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Bruins can rely on energy, but need scorers to step up

by Matt Kalman

BOSTON -- The Boston Bruins are about to play their ninth Game 7 in the past seven seasons when they host the Montreal Canadiens in the Eastern Conference Second Round at TD Garden on Wednesday (7 p.m. ET; NBCSN, CBC, RDS).

The Bruins and Canadiens have split their past eight do-or-die games.

In some of their more recent series finales, Boston has turned to the fourth line of Gregory Campbell centering wings Daniel Paille and Shawn Thornton, which is known as the Merlot Line because of the color of their practice sweaters. They have made the most of limited ice time and used energy and physicality to turn the momentum in the Bruins' favor. They're expected to do the same against Montreal, but someone will have to pick up the scoring slack.

Through the past three games against the Canadiens, including a 4-0 loss in Game 6 on Monday, the reunited fourth line has failed to make that sort of impact. With a trip to the Eastern Conference Final on the line in Game 7, the Bruins' biggest source of energy hopes to provide the necessary juice for a victory.

"Hopefully we can get out there early, get a rhythm going and get on top of them. We have to get on the forecheck. That's when we're at our best. We know that," Thornton said Tuesday during an off day for most of Boston's regulars. "We have to get pucks into areas where we can get them back. Hopefully we can create some momentum for our team; that's the goal."

If all that was needed for the Bruins to beat the Canadiens was energy and hard work, Boston could rely on its fourth line to seize the day. But the Bruins are going to have to score some goals, and the players typically relied on to do that haven't come through at crucial times against the Canadiens.

Left wing Brad Marchand, who scored 25 goals during the regular season, is looking for his first of the 2014 Stanley Cup Playoffs. He hasn't scored in 19 straight postseason games dating to Game 2 of the conference final last year.

Center David Krejci, who had 19 goals as part of his team-high 69 points in the regular season, is without a goal in 11 playoff games in 2014. Left wing Milan Lucic scored 24 goals during the season and three in the first round against the Detroit Red Wings but has one empty-netter against the Canadiens. He missed several open scoring opportunities in the early parts of Game 6.

The Presidents' Trophy-winning Bruins aren't pointing blame at the top skill players for their predicament against the Canadiens, who finished 17 points behind them in the regular-season standings.

"I think those guys have a tough job. They have to produce night in and night out," Campbell said of the Bruins' top line. "But I think in the playoffs, you really can't look at those guys to carry the load every night. It really takes four lines and six [defensemen] every single night to win. And we've been through it. And that's why I know that you really do have to rely on everybody.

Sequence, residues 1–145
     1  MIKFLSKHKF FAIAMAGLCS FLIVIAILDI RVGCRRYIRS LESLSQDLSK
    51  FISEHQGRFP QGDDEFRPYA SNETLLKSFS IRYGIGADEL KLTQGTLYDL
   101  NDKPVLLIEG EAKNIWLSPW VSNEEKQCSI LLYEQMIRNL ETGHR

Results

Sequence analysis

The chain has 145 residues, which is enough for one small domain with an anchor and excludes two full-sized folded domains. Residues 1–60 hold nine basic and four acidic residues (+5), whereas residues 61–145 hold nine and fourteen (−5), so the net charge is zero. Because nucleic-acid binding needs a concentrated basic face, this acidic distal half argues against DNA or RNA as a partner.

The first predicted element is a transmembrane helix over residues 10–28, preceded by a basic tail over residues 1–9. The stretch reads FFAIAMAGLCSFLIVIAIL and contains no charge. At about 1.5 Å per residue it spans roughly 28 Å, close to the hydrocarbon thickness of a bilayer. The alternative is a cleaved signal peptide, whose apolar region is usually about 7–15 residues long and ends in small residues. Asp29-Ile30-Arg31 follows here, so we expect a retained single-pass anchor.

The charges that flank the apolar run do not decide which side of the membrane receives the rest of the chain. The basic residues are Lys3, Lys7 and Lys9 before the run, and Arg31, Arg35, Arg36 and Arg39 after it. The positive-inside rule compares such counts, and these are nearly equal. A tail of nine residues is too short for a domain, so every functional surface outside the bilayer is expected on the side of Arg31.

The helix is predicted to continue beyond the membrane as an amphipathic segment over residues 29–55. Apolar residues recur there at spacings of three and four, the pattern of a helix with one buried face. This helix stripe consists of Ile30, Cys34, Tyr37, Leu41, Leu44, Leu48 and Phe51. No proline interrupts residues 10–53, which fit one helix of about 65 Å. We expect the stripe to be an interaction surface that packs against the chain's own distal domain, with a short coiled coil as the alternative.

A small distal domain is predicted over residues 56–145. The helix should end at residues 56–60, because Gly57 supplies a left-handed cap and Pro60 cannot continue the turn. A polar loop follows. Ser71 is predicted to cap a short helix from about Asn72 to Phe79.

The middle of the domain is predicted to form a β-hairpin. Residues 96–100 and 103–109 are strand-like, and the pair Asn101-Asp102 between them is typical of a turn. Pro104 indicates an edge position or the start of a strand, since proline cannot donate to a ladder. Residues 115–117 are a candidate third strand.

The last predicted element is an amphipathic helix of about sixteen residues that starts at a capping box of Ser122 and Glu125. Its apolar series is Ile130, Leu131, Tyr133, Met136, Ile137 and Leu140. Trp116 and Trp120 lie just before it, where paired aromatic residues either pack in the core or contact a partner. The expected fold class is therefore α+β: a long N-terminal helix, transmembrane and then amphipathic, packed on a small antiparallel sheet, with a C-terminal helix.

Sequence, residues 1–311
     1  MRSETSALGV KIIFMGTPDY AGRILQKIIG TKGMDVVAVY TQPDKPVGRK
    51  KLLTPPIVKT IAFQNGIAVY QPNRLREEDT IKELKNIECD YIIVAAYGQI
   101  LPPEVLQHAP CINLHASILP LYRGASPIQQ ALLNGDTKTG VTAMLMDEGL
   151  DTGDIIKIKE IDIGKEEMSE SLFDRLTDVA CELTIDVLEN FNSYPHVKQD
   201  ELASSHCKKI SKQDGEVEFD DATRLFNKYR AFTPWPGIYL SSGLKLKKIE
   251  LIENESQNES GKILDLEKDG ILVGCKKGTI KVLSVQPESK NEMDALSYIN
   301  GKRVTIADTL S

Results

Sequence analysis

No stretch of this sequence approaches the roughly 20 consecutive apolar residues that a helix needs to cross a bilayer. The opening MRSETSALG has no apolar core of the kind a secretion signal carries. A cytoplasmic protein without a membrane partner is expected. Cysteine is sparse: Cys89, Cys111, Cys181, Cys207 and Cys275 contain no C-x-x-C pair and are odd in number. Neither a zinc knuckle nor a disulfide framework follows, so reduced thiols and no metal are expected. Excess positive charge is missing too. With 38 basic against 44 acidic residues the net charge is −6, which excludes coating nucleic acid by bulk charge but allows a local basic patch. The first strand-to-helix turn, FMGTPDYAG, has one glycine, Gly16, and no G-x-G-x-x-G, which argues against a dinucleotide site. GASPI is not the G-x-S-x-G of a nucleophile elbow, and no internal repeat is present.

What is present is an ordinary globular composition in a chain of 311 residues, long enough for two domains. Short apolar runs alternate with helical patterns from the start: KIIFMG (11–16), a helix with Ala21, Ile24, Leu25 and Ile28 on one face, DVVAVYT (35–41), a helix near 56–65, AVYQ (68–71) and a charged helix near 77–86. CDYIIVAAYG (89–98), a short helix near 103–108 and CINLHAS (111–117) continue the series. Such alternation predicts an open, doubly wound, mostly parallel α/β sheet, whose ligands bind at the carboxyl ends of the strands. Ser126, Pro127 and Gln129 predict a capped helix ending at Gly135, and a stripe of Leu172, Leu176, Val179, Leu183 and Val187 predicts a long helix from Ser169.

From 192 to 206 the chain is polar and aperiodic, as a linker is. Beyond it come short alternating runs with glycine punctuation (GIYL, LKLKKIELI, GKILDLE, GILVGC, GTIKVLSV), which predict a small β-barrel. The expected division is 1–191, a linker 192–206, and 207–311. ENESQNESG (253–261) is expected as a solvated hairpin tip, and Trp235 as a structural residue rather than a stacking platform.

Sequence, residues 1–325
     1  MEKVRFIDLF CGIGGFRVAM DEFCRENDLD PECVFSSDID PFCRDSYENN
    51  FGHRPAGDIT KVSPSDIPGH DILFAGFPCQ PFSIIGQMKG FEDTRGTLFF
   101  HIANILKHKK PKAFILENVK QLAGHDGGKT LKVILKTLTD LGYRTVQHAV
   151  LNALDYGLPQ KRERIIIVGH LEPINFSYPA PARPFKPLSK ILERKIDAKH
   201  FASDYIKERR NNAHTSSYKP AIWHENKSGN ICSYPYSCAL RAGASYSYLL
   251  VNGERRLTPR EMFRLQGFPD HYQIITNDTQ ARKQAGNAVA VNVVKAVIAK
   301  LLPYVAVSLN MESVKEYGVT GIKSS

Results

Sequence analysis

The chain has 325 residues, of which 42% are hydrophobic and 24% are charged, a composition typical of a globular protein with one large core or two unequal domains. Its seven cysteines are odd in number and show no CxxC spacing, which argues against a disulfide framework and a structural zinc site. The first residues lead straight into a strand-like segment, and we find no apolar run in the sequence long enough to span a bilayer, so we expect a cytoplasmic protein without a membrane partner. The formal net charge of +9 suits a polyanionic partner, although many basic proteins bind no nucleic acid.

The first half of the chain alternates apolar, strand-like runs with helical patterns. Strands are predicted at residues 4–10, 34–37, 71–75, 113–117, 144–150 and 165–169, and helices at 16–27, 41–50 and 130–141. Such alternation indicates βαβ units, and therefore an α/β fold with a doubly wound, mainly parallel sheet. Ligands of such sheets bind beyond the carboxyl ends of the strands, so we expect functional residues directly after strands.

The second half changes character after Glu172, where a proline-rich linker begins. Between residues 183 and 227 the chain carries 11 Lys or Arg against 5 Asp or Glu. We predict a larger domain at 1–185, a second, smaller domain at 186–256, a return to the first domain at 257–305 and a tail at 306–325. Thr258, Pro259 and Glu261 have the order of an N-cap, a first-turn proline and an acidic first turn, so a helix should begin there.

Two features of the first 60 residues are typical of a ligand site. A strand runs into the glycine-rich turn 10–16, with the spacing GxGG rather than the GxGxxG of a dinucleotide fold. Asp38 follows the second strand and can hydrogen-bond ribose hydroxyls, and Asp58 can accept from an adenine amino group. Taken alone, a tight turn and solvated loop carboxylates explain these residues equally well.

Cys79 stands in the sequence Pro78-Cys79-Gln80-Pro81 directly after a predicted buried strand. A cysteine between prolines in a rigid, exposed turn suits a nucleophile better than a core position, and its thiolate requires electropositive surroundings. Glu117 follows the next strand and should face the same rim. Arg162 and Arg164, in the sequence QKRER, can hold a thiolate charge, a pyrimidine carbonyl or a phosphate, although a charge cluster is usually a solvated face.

"In Game 4 we saw Matt Fraser step up, and so that's really been the key. It's not the top two lines, it's really all four lines that have to contribute."

Defenseman Torey Krug said it's only a matter of time before the Bruins' best players switch from cold to hot.

"It's tough. I mean, they do such a good job for your team all season long. And you see them go through a little dry spell and you know they're working as hard as they can," Krug said. "That just happens. That's hockey. I know once one goes in, the floodgates are open. And for these guys, I know they're really eager to help the team out."

The Bruins should have the edge in terms of Game 7 experience. Defenseman Zdeno Chara will become the active NHL leader in Game 7s played with 11. Center Patrice Bergeron has four goals, including two game-winners, and two assists in eight Game 7s. Lucic has four goals in eight Game 7s, and Marchand has two goals and five points in five Game 7s.

Excluding injured players, the Bruins have played in a combined 70 Game 7s, compared to the Canadiens' 36.

"That can only take you so far," Paille said. "It's definitely, I guess, OK to get it. But you don't want to count on it. I've been part of wins and losses, so for us it's just making sure that we stay calm and ready to play a full game."

That full game includes a complete effort from the top scorers to the most blue-collar players in the lineup. And that means Campbell, Paille and Thornton have to chip in with whatever they have to offer. Paille has a plan of attack.

"Just not to overthink it and continue to kind of feed off that, realize that we are capable of doing that when called upon," he said. "Definitely going to try to push it."

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